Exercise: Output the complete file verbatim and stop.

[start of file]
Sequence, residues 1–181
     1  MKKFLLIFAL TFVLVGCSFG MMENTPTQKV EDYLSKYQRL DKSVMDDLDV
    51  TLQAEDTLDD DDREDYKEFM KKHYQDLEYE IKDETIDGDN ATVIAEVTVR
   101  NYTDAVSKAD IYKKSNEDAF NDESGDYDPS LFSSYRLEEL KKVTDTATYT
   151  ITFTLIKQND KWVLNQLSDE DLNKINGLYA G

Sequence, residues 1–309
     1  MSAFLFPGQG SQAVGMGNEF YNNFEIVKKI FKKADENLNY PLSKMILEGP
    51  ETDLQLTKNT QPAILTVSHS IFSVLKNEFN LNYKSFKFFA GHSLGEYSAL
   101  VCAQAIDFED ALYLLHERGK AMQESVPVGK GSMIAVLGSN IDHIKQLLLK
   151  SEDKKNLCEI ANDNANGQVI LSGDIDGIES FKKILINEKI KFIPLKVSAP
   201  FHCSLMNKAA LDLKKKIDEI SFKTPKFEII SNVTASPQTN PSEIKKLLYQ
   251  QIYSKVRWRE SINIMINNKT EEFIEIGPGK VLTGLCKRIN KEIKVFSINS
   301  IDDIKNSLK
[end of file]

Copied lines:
Sequence, residues 1–181
     1  MKKFLLIFAL TFVLVGCSFG MMENTPTQKV EDYLSKYQRL DKSVMDDLDV
    51  TLQAEDTLDD DDREDYKEFM KKHYQDLEYE IKDETIDGDN ATVIAEVTVR
   101  NYTDAVSKAD IYKKSNEDAF NDESGDYDPS LFSSYRLEEL KKVTDTATYT
   151  ITFTLIKQND KWVLNQLSDE DLNKINGLYA G

Sequence, residues 1–309
     1  MSAFLFPGQG SQAVGMGNEF YNNFEIVKKI FKKADENLNY PLSKMILEGP
    51  ETDLQLTKNT QPAILTVSHS IFSVLKNEFN LNYKSFKFFA GHSLGEYSAL
   101  VCAQAIDFED ALYLLHERGK AMQESVPVGK GSMIAVLGSN IDHIKQLLLK
   151  SEDKKNLCEI ANDNANGQVI LSGDIDGIES FKKILINEKI KFIPLKVSAP
   201  FHCSLMNKAA LDLKKKIDEI SFKTPKFEII SNVTASPQTN PSEIKKLLYQ
   251  QIYSKVRWRE SINIMINNKT EEFIEIGPGK VLTGLCKRIN KEIKVFSINS
   301  IDDIKNSLK